Mi / 10:00 – 11:30

Virtual Object Ensembles

Interobjectivity in Contemporary Art between Technics and Nature

Manuel van der Veen, Ruhr-Universität Bochum

Online (Zoom) & Kulturwissenschaftliches Institut Essen (KWI), Raum 106, Goethestr. 31, 45128 Essen

The current boom of virtual or extended realities is accompanied by an uncertainty for its users. This uncertainty is caused by the nature of these techniques, which challenge our ability to distinguish – not only because they repeatedly call into question the shimmering boundary between reality and illusion, but also because the techniques themselves appear in different ways, so that it is actually not clear what exactly counts as a virtual, augmented, or mixed reality. These interrelated circumstances are crucial, since a far greater phenomenon lies behind: virtuality is an integral part of our current lifeworlds and not, as was claimed in the 1990s, an otherworldly realm into which we can escape.

If we look at contemporary art and, more specifically, works based on VR glasses, it is striking how they create virtual worlds that are not simple. This means that there is not just a virtual world. Instead, as if it were self-evident, the artists juxtapose all kinds of different object types around the HMD (Head Mounted Display) in the exhibition area – such as chairs, computers, plants, and paintings. These object constellations then appear intertwined with further objects in the virtual worlds, ranging from computer-generated stones and wearable interfaces to wondrous tools. How can we deal with one and the same object simultaneously in the real and the virtual world? What is the relation between actual water and a digital tree? How is the function of these objects to be redefined? What gets added and what is lost when we transfer familiar objects into virtual reality or the other way around?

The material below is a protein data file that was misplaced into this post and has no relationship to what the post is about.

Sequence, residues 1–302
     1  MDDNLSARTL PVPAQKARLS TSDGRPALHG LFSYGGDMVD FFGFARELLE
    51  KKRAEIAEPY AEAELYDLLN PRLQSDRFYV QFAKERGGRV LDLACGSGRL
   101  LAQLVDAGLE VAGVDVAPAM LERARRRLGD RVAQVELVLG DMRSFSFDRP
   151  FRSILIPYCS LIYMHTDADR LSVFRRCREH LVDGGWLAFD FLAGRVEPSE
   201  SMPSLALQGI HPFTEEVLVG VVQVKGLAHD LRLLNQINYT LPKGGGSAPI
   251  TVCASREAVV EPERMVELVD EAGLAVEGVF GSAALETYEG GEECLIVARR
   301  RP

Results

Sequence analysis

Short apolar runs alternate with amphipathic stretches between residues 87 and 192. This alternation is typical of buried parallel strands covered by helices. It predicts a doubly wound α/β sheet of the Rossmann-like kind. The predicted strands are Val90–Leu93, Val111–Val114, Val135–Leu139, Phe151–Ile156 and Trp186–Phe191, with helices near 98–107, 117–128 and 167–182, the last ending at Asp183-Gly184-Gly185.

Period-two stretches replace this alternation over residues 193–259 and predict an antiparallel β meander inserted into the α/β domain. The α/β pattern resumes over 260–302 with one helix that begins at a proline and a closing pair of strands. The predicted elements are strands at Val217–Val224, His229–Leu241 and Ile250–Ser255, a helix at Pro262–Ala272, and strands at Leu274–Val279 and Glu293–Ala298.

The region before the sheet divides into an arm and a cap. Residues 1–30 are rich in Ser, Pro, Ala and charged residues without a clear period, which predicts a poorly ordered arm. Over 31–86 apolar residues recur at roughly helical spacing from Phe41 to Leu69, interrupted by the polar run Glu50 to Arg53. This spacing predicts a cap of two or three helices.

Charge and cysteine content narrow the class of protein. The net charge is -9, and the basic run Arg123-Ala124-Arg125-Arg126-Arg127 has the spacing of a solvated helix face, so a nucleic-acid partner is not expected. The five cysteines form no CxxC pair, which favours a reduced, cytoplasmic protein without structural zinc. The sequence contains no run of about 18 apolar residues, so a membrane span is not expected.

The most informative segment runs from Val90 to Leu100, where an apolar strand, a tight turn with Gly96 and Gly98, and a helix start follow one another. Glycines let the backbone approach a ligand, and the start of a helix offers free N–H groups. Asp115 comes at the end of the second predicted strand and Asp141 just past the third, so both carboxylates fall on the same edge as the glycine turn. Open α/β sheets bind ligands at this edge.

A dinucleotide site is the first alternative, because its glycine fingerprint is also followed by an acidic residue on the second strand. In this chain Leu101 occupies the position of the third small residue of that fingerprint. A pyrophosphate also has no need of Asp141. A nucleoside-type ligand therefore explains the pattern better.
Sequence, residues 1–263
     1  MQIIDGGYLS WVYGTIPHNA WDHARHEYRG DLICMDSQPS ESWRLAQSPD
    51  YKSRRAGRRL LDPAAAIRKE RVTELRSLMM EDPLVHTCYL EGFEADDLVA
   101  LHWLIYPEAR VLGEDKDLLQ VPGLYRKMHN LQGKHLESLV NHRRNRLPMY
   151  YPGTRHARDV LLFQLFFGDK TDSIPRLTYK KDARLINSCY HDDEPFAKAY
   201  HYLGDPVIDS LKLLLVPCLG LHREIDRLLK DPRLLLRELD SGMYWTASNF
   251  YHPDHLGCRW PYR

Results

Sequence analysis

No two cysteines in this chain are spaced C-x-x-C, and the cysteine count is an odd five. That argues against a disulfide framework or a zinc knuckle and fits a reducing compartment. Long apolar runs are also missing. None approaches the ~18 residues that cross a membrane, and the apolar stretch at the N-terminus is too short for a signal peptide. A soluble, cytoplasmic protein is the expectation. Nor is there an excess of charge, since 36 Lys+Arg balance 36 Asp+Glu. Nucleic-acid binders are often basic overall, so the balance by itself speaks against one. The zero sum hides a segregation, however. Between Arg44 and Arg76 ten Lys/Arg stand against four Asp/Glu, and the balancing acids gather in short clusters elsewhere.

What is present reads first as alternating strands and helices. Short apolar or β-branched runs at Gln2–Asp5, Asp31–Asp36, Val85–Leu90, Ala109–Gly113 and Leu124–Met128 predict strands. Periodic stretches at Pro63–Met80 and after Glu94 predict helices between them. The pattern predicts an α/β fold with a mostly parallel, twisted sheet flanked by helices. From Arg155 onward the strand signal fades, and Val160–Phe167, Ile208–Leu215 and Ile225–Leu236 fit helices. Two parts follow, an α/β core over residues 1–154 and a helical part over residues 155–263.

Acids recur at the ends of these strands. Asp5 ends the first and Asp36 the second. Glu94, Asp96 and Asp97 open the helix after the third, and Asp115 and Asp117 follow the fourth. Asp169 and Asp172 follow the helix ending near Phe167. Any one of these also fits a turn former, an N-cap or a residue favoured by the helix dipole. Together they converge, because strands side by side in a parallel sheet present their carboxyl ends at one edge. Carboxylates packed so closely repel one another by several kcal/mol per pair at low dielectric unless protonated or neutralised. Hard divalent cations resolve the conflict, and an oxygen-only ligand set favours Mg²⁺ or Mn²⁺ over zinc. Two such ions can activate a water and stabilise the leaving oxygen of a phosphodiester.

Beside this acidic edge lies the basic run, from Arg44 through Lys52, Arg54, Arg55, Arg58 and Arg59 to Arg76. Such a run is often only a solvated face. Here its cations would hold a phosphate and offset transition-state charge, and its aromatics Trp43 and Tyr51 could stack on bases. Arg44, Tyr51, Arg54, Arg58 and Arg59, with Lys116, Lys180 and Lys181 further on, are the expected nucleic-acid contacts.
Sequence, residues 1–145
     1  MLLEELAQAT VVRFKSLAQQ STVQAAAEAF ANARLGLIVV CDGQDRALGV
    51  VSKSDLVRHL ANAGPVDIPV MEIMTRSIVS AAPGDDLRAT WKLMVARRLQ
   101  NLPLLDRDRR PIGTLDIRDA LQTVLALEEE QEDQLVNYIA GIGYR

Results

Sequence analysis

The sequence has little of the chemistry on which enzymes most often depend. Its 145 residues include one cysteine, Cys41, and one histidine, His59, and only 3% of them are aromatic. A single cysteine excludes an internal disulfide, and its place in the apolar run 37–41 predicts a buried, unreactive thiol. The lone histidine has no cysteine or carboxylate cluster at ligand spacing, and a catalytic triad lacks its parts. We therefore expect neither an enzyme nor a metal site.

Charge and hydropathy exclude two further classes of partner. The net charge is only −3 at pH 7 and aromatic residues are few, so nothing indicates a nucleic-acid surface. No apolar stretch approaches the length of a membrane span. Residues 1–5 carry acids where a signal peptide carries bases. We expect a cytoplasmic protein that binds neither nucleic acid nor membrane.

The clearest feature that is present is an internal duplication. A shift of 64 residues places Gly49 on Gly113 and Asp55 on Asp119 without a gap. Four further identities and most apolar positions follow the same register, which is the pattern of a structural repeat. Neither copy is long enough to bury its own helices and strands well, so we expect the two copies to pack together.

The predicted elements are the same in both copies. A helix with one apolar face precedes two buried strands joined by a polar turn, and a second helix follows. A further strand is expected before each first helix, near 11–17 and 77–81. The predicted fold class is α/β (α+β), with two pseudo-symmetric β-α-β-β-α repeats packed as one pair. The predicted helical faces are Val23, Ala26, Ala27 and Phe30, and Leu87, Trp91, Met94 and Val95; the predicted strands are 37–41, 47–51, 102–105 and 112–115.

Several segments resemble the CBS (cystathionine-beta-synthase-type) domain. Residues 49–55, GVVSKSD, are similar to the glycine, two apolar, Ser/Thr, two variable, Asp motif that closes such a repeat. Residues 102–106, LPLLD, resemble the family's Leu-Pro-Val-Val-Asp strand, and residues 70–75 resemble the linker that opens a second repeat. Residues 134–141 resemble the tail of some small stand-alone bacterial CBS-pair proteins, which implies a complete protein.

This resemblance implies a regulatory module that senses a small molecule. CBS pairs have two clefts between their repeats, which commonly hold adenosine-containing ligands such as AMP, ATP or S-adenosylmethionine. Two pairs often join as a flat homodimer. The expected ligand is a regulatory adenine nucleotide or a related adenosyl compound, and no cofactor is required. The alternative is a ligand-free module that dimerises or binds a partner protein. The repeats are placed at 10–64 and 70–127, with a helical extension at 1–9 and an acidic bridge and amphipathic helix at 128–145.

With Yuk Hui, we can repeat: European philosophy only recognized natural objects and therefore failed to pursue specifically technical and consequently also digital as well as virtual objects. More recent object theories, such as those of Yuk Hui, Gilbert Simondon, or object-oriented ontology, aim to take account of the broad range of different objects and the everyday nature of technology. However, to analyse our virtual lifeworlds, the relationships between the various objects must also be understood. The project “Virtual Object Ensembles” is dedicated to this task by looking at contemporary art in which a whole range of natural, aesthetic, technical, digital, and virtual objects come together and produce multifaceted interactions.